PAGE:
$\frac{ \begin{array}{l} t \,\colon\, \underset{c \colon C}{\mathcal{W}}\, A(c) \;\vdash\; D(t) \,\colon\, Type \;; \\ root \,\colon\, C \,,\; subt \,\colon\, A(c) \to \underset{c \colon C}{\mathcal{W}}\, A(c) \,, \; subt_D \,\colon\, \underset{a\colon A(c)}{\Pi} D\big(subt(a)\big) \\ \;\;\;\;\;\;\;\;\;\;\;\;\;\;\; \;\;\vdash\;\; tree_D\big(root,\,subt,\,subt_D\big) \,\colon\, D\big(tree(root,\, subt)\big) \mathclap{\phantom{\vert_{\vert}}} \end{array} }{ \begin{array}{l} \mathclap{\phantom{\vert^{\vert}}} root \,\colon\, C \,, \;\; subtr \,\colon\, A(c) \to \underset{c \colon C}{\mathcal{W}}\, A(c) \\ \;\;\;\;\;\;\;\;\;\;\; \;\;\vdash\;\; wrec_{(D,tree_D)}\big( tree(root, \, subtr) \big) \;=\; tree_D \Big( root ,\, subt ,\, \lambda a . wrec_{(D,tree_D)}\big(subtr(a)\big) \Big) \end{array} }$added pointer to:
Jasper Hugunin, Why Not W?, Leibniz International Proceedings in Informatics (LIPIcs) 188 (2021) [doi:10.4230/LIPIcs.TYPES.2020.8, pdf]
Peter Dybjer, Representing inductively defined sets by wellorderings in Martin-Löf’s type theory, Theoretical Computer Science 176 1–2 (1997) 329-335 [doi:10.1016/S0304-3975(96)00145-4]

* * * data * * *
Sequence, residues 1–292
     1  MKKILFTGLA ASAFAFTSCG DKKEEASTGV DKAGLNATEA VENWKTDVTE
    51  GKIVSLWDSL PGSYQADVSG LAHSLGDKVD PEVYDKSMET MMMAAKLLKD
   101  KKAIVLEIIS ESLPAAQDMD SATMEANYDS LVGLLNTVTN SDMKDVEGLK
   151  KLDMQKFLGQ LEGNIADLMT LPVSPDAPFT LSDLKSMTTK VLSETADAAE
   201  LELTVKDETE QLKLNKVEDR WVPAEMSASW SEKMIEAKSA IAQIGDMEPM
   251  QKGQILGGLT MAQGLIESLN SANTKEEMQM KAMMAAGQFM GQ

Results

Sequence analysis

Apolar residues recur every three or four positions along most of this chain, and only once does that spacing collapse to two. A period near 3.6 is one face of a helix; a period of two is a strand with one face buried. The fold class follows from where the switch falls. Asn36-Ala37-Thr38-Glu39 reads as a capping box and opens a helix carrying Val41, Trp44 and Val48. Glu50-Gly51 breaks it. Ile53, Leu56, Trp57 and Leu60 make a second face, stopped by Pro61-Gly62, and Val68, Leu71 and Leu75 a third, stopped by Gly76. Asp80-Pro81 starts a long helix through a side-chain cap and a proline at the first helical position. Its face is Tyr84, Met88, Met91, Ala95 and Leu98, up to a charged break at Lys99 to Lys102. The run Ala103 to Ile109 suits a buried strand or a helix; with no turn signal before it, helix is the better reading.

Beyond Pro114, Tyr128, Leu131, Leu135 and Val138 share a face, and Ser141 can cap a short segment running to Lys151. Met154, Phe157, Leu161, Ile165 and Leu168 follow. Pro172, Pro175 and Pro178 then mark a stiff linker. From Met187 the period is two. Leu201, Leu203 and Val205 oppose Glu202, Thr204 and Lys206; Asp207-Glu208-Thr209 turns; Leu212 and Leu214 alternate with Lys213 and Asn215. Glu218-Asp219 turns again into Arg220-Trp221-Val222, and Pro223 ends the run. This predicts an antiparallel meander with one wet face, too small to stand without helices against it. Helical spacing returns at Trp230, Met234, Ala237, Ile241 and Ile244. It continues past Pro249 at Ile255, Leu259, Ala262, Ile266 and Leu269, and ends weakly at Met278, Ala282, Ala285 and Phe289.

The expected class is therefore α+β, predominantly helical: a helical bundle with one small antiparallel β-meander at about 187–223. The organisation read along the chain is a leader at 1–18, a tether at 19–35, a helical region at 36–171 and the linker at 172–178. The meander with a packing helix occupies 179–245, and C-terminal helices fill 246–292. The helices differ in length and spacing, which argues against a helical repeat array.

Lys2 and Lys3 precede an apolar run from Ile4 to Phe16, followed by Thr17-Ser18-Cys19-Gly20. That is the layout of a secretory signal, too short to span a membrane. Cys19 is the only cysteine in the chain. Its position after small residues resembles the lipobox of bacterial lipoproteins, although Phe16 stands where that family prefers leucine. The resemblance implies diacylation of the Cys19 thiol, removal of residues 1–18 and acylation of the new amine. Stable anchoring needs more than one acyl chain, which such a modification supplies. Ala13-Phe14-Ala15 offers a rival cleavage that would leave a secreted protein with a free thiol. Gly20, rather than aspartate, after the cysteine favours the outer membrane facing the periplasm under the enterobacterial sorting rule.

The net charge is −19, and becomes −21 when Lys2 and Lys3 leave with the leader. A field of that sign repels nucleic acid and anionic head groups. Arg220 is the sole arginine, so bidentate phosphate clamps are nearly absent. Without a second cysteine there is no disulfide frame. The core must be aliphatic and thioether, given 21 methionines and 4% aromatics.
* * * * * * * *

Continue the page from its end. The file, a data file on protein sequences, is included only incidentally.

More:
In the sentence
More generally, endofunctors that look like polynomials in the traditional sense:
$F(Y) = A_n \times Y^{\times n} + \dots + A_1 \times Y + A_0$can be constructed as polynomial endofunctors in the above sense in any $\Pi$-pretopos.
I changed the $\Pi$-pretopos to just a pretopos, since that is all one needs for the finite products and coproducts.
I plan to add in the morphism that makes the endofunctor in the previous comment polynomial, having now double checked it really works for an arbitrary pretopos. For a $\sigma$-pretopos (ie countable coproducts and corresponding extensivity) one gets analytic endofunctors (those that are formal power series) being polynomial for free as well. Then I’ll check about existence of W-types for these based just on having a parameterised NNO.
added earlier reference for the introduction of the notion of W-types:
following a hint in another thread (here)